Ad #2. White buyer in Ghana village at table is examining cocoa bean under a loupe and pronounces: “He will become a Bournville one day.” The next one he rejects, saying, “He is nothing.” The strange pronoun is explained when the bean suddenly turns into a weeping humanoid baby. European buyer says, “Tell him I am sorry,” looking less sorry and more embarrassed for the baby bean’s social solipsism. Gathered villagers, particularly an old man, looks troubled. Young man next to him (clearly an extra from Blood Diamond still in character) sweeps crying cocoa baby onto the ground and does a short rakshasa laugh. “Only the Finest Ghanaian Cocoa goes into making a Bournville.”
Ad films are often banal. They are sometimes sublime, gripping their tiny claws into culture in a way cinema is too hulking to. This Bournville ad is not clever or funny. It is cruel. And more troubling, it is incredibly ignorant.
The glory of globalisation lies in its amiable, ironic nested narratives Paul Auster would envy. So in 2011, the new emperors are not just squeezing Ghana and selling cocoa to India. It is also so comfortably assured of India’s amnesia that it can even use the process of squeezing Ghana to pimp chocolate.
This isn’t a call to ban this ad. That’d be boring. This is a call to fix an education system so myopic it allows smart copywriters to create this ad without a hint of the painfully revealing Rorschach test it is. This is a call to fix an education system so limited in its culture capital, it is producing us — people who conflate sophistication with good old-fashioned oppression. Us who will look at this ad and say, “So cute. Cocoa bean is crying.”
You can’t just buy cool. You have to earn it.
A Kenyan folktale tells the story of a Sultan's wife who wasted away in the palace and a peasant's wife who was plump and strong. The Sultan interrogated the peasant - what was he feeding his wife? The peasant replied, “Meat of the tongue”. But no fancy-shmancy meat of the tongue that the Sultan ordered by the ton made the Sultana robust.
So, he sent his wife to live in the peasant’s house. When the switcheroo happened, as it does in folktales and reality shows, the Sultana grew strong in the peasant's hut and the peasant's wife became hollow-cheeked in the palace. Marina Werner writes in From the Beast to the Blonde: “The tongue meats that the poor man feeds the woman are not material, of course. They are fairytales, stories, jokes, songs; he nourishes them on talk, he wraps them in language; he banishes melancholy by refusing silence.”
The newest Dastangoi performance (on 4 September at the India Habitat Centre, New Delhi) from astonishing duo of Mahmood Farooqui and Dan Husain was a tribute to storytelling and a refusal of silence. First, the silence of Chouboli, the inscrutable princess who refuses to marry any man who can't make her speak four times in a night.
Chouboli is the heroine of a long Rajasthani folktale, one among many brought from the tongue to the page by the late Vijaydan Detha. Next, the silence around Vijayadan Detha himself, arguably Rajasthan's greatest writer (who told TEHELKA in 2006 that he had managed to avoid the press until his short story was made into the SRK film Paheli.) Two volumes of Detha's work were translated into English in 2010 by Christi A Merrill and Kailash Kabir.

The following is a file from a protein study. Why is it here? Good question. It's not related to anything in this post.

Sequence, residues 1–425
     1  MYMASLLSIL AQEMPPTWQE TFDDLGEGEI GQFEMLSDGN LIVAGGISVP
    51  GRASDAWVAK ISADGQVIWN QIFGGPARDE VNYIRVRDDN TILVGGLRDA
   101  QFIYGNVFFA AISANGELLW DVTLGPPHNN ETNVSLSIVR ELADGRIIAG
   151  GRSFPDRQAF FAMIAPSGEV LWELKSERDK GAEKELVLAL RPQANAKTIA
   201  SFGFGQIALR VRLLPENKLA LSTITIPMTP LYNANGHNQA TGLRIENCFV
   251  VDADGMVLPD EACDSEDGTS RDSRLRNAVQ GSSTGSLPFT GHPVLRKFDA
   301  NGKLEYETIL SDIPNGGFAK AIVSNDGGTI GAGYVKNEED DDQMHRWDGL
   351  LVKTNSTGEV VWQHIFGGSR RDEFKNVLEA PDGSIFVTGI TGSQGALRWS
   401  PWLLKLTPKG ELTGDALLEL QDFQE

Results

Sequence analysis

It is unusual for Farooqui and Husain to perform stories outside the Dastangoi tradition. The few precedents are their popular Partition Dastan, and more recently, a superb story about the imprisonment of Binayak Sen. Word has it that a Dastan about Rabindranath Tagore is in the making.
As marriages go, the Detha-Dastangoi one looks fruitful. The witty register of Detha's Hindi was what dominated this production instead of the fabulous (fabulous of fables, as opposed to the absolute variety) Urdu of the regular Dastangoi evenings. The combination was satisfying even to some of us who understand only one in five words (as opposed to one in ten on a regular Dastangoi evening). Detha and the Tilism-o-Hoshruba are alike in the tallness of the tale-telling. The thieves are outrageously larcenous, the friendships are set like cement, the swords flash, arrows fly sky-high, the limbs scatter, the women are golden.
Detha's interpretation of moustache-twirling manly valour as slightly dim only gave the actors another layer of human folly to enjoy. So a minute after the performance begins, you are left marvelling at the fine thakur whose chief hobby is to shoot 108 arrows through the nose-ring of his terrified wife every morning, and then one night, by moonlight. And an hour into the performance you don’t think about the stamina required by two men sitting in white achkans to hold our fragmented attention. You don’t think too much because in the craning of Farooqui’s long, sardonic neck and in the dimpling of Husain’s roguish cheek is the next joke and you are damned if you miss it.
Farooqui and Husain are training a younger lot of dastangos, and blessed be their venture. However, right now the performances are rare and their performances blindingly brilliant enough to leave you with only two meta-thoughts—I am so lucky to be watching. Someday I will tell my grandchildren that I was lucky enough to watch.
The dastangos insist that applause is a dissolute habit and that civilised people should only utter waah-waahs of appreciation. But in the performance, even the darkness that falls when Chouboli's lamp is snuffed insists on speaking, insists on responding to the Portia-like cross-dressing thakurain storyteller. So who could blame the two ladies in the audience who yelped, “Arrey, arrey!” when it seemed as if a female protagonist was about to confess her intended adultery? They yelped “arrey-arrey!” The rest of us were silenced.
The dastangos paused. Then they said, “Waah-waah!”, kyunki hunkare ke bina kahani kya?